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eyewash in a laboratory

Emergency Ready: Eyewashes & Safety Showers

Our recently released edition of Incidents, Accidents, and Near Misses in Laboratory Research, Volume 8 highlights the importance of properly functioning, and correctly placed, eyewashes and safety showers. In one story, easy access to a safety shower prevented a serious acid burn on a lab employee’s leg. In two others, eyewashes and safety showers were readily available for quick and effective responses to splashes of biological material. Another story shows what could have gone wrong because an eyewash station had frozen over, and an additional story conveys how an emergency response might have gone more smoothly had an eyewash been located in the procedure room where a splash to a researcher’s face occurred.

Clearly eyewashes and safety showers are critical in a laboratory setting as well as in other workplaces, but do you know where they need to be located, how much flow they’re required to have, what the water temperature needs to be, and how often they should be tested?

The requirements for eyewashes and safety showers are based on OSHA regulations, ANSI recommendations, and state and local requirements. In its standard on Medical Services and First Aid, OSHA specifies that “Where the eyes or body of any person may be exposed to injurious corrosive materials, suitable facilities for quick drenching or flushing of the eyes and body shall be provided within the work area for immediate emergency use.”

The ANSI Emergency Eyewash and Shower Standard (ANSI/ISEA Z358.1-2014) provides more specific guidance. Although ANSI recommendations are not mandatory, they are often referenced by OSHA in interpretation letters related to the OSHA Standard. In addition, companies could be cited by OSHA for not complying with the ANSI standard under the General Duty Clause.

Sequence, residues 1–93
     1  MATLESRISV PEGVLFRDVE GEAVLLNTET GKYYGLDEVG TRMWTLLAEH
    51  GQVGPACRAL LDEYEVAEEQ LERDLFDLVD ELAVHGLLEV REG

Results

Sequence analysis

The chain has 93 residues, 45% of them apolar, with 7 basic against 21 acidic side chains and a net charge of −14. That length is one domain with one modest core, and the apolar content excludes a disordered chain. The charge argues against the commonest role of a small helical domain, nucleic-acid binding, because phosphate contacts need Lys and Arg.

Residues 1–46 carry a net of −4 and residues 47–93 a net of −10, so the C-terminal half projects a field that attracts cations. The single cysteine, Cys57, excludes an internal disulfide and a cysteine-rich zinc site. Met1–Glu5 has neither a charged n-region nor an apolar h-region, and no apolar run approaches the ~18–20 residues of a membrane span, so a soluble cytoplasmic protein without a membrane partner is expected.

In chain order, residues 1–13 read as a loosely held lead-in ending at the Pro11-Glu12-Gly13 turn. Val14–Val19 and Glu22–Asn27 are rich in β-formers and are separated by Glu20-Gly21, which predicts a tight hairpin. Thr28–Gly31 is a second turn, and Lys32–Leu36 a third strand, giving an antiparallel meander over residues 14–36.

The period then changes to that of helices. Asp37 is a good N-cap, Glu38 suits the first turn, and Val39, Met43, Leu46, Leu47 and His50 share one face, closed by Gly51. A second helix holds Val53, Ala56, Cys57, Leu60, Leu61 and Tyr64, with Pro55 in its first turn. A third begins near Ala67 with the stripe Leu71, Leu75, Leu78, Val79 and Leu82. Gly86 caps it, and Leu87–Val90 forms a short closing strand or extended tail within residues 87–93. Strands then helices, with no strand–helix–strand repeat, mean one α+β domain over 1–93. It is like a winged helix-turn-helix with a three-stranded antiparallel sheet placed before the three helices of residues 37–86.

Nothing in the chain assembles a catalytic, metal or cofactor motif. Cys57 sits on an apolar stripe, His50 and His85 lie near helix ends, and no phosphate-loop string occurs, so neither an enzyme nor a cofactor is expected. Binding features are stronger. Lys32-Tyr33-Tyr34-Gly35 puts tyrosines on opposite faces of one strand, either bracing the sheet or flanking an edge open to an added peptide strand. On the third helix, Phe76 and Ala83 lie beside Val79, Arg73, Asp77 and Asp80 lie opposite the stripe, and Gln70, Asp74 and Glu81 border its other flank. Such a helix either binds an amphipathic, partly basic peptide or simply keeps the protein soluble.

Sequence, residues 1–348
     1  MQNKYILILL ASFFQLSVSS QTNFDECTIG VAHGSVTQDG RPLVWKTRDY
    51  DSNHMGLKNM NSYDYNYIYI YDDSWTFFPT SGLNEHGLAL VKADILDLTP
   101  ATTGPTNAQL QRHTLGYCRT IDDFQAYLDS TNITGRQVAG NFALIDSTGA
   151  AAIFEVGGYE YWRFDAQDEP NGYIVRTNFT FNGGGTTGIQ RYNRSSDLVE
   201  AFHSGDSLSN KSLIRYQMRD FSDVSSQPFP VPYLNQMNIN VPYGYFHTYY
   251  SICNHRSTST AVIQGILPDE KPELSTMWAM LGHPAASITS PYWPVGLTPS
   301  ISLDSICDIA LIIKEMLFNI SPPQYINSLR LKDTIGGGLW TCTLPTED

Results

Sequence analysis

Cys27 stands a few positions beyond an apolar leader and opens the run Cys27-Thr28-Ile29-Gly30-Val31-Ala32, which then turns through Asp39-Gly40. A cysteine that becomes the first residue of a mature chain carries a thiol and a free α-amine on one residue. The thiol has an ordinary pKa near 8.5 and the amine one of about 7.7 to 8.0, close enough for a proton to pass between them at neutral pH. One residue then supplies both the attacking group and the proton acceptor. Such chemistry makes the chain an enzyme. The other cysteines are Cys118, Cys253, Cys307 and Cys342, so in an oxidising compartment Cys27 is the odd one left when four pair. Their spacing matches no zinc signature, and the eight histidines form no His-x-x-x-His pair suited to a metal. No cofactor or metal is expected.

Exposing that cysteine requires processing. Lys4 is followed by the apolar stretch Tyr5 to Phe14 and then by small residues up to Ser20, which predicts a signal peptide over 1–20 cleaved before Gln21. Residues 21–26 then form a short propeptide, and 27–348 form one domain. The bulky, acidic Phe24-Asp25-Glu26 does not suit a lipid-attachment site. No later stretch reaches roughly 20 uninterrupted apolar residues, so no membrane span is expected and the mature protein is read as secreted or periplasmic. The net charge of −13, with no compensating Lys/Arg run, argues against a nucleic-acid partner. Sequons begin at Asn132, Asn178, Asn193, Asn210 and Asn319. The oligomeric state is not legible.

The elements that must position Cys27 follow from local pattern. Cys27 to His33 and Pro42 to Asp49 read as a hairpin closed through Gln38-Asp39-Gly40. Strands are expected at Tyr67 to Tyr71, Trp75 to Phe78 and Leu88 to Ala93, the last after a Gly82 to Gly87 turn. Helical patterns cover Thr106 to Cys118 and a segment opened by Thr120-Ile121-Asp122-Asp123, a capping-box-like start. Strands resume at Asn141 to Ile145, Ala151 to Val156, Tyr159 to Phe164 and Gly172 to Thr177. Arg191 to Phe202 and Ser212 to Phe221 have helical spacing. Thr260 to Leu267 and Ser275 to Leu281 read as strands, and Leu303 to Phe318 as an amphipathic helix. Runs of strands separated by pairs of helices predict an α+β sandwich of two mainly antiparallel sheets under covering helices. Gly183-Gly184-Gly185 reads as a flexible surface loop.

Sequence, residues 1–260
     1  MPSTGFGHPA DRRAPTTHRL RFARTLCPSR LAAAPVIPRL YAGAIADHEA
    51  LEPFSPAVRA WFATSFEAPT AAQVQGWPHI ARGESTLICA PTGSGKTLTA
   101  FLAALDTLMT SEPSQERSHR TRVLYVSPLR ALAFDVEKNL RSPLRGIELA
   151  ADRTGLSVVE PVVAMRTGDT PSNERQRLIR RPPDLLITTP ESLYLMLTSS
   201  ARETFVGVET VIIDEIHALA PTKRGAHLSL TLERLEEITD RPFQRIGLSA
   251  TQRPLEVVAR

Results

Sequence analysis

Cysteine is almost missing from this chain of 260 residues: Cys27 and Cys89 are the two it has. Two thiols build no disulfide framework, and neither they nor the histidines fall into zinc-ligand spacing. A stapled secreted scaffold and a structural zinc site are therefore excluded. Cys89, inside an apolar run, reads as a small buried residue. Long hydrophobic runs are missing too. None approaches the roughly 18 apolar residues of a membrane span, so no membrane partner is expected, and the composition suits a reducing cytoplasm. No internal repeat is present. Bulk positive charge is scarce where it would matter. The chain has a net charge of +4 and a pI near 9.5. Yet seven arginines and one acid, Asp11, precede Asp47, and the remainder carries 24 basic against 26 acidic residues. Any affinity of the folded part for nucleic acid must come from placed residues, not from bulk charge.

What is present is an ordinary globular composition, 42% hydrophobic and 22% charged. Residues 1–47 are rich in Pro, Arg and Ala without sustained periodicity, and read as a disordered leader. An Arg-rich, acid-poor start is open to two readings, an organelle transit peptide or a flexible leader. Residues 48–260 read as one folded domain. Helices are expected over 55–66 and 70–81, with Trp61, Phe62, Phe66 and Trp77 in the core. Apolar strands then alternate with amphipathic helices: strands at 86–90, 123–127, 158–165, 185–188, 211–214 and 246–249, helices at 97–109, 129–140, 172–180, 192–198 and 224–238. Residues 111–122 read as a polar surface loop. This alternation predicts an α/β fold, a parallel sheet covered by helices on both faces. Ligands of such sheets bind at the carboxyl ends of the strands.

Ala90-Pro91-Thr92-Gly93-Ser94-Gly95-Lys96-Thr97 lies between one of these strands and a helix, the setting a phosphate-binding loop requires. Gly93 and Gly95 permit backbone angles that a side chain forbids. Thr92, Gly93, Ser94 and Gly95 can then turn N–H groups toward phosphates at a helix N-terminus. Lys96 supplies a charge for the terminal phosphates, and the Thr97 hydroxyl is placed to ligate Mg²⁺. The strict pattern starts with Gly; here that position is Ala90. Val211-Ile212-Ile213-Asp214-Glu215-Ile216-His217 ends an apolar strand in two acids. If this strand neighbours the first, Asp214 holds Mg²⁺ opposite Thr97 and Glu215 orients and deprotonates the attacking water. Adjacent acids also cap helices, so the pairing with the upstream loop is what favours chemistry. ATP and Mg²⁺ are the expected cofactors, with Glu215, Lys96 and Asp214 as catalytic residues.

Per ANSI, travel time to any eyewash and safety shower unit should be under 10 seconds, which is generally recognized as less than 55 feet.  In addition, the units must be on the same level as the hazard, with no obstructions such as a door in the path of travel. 

The ANSI standard also states that safety showers should have a flow rate of 20 gallons per minute at 30 psi and produce a 20-inch diameter spray pattern at 60 inches above the floor.  The center of the spray pattern should be at least 16 inches from any door, wall, or other obstruction.  The shower head should be mounted between 82 and 96 inches from the floor, and the valve can be no higher than 69 inches. 

Per ANSI, eyewash stations should have a flow of 0.4 gallons per minute at 30 psi. The nozzles should be at least 6 inches from any obstruction and mounted between 33 and 45 inches from the floor.

Both eyewash stations and safety showers are required to have enough flow for at least 15 minutes of delivery. The water is also required to be tepid, between 60 and 100 degrees Fahrenheit.

The ANSI standard includes a requirement for weekly flushing of eyewash and shower units. However, unless required by local authorities, monthly flushing is typical. This activation ensures that nothing is blocking the flow of the water and reduces the likelihood of contamination from stagnant water.

Prior to an incident, it’s important that employees be trained on how to locate and use the eyewashes and safety showers at your workplace. Procedures for use can vary depending on the model of the units installed. This can be done as part of chemical hygiene, hazard communication, or general safety training.

Because state and local requirements may vary and can be more stringent than ANSI recommendations, they should be reviewed for your facility’s location.


For additional information on eyewash and safety shower requirements, please contact us and remember to check out our latest edition of Incidents, Accidents, and Near Misses in Laboratory Research, Volume 8 to read about actual incidents that demonstrate the critical role this equipment can have in an emergency response.

This blog was written by Beth Graham, Director of Quality, Research, and Training


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